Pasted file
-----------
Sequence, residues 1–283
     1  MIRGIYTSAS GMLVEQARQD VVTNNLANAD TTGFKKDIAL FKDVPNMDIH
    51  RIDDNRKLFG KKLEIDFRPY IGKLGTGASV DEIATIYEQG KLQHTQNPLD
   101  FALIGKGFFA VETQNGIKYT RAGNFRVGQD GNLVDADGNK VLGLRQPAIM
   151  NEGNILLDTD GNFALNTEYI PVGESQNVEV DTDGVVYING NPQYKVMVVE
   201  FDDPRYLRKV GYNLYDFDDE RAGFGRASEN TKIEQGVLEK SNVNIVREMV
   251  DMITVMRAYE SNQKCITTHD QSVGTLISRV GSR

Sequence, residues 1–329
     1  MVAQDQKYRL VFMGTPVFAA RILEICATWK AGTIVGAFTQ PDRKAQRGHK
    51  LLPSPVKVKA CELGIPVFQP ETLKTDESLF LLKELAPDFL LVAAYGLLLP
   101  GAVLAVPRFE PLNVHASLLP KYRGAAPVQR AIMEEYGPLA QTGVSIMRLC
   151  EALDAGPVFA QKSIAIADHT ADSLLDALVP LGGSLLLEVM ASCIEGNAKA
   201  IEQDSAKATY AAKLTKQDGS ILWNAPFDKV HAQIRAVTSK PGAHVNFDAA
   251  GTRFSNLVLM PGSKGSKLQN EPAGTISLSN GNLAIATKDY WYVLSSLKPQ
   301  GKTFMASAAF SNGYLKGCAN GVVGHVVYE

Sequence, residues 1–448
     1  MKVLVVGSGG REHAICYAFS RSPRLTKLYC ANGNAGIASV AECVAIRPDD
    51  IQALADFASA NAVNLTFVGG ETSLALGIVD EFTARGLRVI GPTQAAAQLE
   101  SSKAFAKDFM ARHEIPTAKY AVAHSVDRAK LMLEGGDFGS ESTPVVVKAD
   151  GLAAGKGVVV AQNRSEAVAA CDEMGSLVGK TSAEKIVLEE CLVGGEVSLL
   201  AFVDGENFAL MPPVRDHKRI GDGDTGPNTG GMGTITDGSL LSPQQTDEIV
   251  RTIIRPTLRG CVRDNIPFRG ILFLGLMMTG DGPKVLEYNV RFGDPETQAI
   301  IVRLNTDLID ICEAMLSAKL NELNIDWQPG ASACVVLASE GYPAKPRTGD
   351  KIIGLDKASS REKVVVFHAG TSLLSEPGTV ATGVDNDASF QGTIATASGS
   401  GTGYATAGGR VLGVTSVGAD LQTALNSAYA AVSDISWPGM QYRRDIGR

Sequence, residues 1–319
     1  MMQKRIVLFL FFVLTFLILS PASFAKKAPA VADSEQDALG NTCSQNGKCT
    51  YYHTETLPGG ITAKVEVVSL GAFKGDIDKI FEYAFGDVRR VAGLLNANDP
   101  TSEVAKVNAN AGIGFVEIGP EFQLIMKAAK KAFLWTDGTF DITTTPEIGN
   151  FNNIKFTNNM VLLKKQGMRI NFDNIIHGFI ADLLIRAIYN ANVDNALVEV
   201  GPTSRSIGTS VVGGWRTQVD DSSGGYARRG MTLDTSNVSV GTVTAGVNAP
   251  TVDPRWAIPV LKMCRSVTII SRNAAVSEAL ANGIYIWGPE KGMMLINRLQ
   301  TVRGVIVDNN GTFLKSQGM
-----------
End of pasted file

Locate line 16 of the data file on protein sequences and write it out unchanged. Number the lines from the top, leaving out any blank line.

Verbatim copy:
Sequence, residues 1–448